Alabama; 1969: The death of a clan's estranged wife and mother brings together two very different families. Do the scars of the past hide differences that will tear them apart, or expose truths that could lead to unexpected collisions?
The sheriff investigates a tipped over truck full of shoes. A cute woman is found dead. Forensics reveals that she died from a .22, not a truck, and she has a dick. As election of governor, sheriff etc. is near, things are tense.
Billy Bob Thornton,
Taken aback by his mother's wedding announcement, a young man returns home in an effort to stop her from marrying his old high school gym teacher, a man who made middle school hell for generations of students.
Billy Bob Thornton,
Seann William Scott,
Earl Pilcher, Jr., runs an equipment rental outfit in Arkansas, lives with his wife and kids and parents, and rarely takes off his gimme cap. His mother dies, leaving a letter explaining ... See full summary »
James Earl Jones,
Drug addict Jesse think he's found the answer to all his problems in the form of a breifcase full of money. However, the money isn't his and stealing it from right under the nose of a ... See full summary »
A young man in the 1940s raises a family in Alabama after his wife leaves him for an Englishman and moves to England. When the wife dies, she leaves a request to be brought back to Alabama to be buried, and at that point, the man hasn't seen her in nearly thirty years. The two families, her original family she abandoned, and her English family, meet and make an attempt to adjust to each other, with uneven results.Written by
Robert Duvall and Billy Bob Thornton appeared in Sling Blade (1996), The Apostle (1997), and The Judge (2014). See more »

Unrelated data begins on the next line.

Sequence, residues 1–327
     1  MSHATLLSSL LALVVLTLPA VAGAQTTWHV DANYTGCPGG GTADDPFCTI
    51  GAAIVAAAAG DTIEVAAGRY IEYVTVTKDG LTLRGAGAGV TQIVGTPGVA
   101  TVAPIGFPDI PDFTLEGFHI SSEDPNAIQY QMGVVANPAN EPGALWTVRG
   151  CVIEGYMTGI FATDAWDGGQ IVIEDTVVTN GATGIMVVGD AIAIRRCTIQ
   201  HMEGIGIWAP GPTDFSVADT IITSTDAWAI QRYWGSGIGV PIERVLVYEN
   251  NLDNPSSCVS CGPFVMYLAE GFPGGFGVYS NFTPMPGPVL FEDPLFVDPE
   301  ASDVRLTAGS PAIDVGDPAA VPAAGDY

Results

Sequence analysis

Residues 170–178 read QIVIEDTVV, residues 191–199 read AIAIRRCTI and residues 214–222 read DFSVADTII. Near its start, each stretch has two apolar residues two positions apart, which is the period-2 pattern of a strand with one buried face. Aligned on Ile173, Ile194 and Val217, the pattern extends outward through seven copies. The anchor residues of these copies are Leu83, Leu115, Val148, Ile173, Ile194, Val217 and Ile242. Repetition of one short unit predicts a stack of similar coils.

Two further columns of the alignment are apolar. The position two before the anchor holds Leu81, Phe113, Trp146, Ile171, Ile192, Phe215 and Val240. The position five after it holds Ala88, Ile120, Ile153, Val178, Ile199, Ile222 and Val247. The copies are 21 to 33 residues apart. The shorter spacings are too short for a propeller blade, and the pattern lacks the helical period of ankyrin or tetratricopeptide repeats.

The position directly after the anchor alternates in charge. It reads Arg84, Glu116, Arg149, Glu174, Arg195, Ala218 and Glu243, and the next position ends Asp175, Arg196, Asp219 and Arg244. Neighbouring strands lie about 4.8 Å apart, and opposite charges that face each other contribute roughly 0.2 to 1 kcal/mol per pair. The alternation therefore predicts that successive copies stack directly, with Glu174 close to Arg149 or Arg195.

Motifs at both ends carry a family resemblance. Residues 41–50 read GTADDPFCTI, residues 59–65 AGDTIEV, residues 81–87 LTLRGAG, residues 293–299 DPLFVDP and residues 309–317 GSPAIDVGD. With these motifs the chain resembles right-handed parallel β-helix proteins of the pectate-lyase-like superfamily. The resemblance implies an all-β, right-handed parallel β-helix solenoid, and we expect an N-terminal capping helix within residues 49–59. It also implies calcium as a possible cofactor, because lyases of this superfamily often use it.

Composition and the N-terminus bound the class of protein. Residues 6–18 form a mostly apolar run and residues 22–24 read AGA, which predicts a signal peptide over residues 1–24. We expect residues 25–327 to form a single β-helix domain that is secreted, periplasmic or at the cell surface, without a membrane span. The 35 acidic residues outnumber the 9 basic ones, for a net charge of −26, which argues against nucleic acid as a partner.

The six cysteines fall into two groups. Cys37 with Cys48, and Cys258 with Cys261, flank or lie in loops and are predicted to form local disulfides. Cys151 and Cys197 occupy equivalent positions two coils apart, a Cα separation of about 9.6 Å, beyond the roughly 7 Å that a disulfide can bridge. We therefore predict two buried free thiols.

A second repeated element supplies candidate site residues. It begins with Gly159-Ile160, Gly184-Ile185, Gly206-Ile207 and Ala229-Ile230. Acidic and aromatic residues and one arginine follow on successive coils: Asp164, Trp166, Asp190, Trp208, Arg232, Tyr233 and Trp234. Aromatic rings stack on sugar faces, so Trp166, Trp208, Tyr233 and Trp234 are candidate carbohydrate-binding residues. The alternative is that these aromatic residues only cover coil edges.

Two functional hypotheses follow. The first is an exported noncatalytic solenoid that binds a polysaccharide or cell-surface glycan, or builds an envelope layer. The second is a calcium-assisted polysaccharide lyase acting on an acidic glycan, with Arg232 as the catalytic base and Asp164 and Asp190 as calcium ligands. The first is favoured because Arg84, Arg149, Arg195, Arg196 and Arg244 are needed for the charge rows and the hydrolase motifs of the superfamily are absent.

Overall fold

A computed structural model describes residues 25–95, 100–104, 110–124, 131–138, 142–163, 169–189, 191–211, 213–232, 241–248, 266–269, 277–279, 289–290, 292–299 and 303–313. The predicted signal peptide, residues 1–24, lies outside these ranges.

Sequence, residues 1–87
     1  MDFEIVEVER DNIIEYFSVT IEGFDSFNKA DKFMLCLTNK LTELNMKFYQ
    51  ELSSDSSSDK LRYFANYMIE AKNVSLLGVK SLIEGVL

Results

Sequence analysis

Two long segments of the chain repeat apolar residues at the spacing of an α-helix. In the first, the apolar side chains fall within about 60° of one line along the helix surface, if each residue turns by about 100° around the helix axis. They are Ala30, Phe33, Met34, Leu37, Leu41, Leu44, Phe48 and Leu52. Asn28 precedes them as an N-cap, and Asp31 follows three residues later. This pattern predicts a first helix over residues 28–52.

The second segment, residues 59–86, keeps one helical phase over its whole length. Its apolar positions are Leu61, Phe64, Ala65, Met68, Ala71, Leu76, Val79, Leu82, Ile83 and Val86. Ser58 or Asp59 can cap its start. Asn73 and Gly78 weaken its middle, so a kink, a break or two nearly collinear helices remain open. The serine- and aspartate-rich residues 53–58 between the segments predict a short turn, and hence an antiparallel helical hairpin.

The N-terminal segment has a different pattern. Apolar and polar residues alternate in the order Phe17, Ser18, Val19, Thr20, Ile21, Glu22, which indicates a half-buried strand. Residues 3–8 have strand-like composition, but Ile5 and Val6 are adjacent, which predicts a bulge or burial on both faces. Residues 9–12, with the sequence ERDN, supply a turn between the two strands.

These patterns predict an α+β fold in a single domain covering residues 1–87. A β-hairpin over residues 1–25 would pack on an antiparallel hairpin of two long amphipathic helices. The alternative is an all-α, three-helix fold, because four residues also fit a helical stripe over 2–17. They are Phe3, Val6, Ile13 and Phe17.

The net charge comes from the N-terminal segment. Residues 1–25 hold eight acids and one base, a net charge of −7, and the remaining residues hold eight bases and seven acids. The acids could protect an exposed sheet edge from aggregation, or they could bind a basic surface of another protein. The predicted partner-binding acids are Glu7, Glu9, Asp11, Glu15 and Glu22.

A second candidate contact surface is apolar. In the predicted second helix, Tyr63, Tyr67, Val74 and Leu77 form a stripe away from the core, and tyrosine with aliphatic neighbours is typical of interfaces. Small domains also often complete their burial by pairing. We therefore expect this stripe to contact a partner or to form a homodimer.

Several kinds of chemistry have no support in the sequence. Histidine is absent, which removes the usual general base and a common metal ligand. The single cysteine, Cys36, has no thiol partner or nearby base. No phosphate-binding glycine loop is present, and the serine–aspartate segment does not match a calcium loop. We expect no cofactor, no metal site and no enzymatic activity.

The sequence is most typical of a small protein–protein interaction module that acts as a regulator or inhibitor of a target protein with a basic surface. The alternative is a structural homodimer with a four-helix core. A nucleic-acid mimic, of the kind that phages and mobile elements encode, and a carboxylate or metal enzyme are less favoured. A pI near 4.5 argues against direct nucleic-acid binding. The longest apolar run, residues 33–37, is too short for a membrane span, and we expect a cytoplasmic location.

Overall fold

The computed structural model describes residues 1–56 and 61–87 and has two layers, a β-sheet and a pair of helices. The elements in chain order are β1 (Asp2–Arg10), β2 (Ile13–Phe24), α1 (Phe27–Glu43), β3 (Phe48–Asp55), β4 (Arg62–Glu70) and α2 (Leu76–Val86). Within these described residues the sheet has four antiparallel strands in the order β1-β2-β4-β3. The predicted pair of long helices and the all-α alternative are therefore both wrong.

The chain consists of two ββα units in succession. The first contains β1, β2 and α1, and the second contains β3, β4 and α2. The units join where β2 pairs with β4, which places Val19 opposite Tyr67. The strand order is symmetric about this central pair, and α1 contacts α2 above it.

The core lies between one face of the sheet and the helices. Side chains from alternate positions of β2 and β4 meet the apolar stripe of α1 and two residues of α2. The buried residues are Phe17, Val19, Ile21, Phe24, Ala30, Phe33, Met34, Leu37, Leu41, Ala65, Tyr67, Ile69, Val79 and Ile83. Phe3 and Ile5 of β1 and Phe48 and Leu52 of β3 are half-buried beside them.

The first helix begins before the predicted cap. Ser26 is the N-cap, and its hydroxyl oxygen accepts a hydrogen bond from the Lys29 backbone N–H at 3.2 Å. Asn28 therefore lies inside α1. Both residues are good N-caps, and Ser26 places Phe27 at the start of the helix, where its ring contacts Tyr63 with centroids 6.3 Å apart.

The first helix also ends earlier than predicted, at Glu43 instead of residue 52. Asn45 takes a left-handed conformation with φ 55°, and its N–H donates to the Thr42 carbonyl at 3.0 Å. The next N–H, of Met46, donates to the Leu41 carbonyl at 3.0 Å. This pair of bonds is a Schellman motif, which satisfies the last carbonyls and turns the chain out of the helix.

Alabama did not issue front license plates in 1969. The numbers shown are not correct for Alabama plates. See more »
Boy, it's a shame about her movin' on. She's in a better place now. Better than England anyway, from what I know of it.
I'm just fucking with you, son.
[smacks Phillip on the back]
But not really. God damn, it's miserable over there. I went over there once on business and, God damn, I don't see how y'all do it. You can't get so much as one good meal over there. They wouldn't know a grill if one bit 'em on the ass. And musty? God damn, cold shitty. Boil everything. They'd boil a goddamn ...
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Music by Robert Derrickson, Greg Huppert, Richard Pogue & Jack Taylor
Performed by Bedlam Four
By arrangement with Rebecca Allers, Robert Derrickson, Richard Pogue & Jack Taylor See more »
I watched this DVD this afternoon, expecting not much and becoming glued to the whole thing. The characters were drawn perfectly, and we saw the characters of the American family drawn carefully for us before we met the English family. (I did wonder what would have happened, had the English family not spoken with such pristine middle class accents, but that's silly, no American woman would fall for anything less.) There is a touch of farce, some neurosis and some age-old baggage to be sorted before the film ends, touchingly and with horror written on the face of the father in question. It's not a blockbuster, and it's not full of hysterical dramas, but it did put me in mind of Tennessee Williams' Cat on a Hot Tin Roof, and not purely because of the accents - the taught drama spinning away behind the pleasant and civilised dialogue. Excellent all round.
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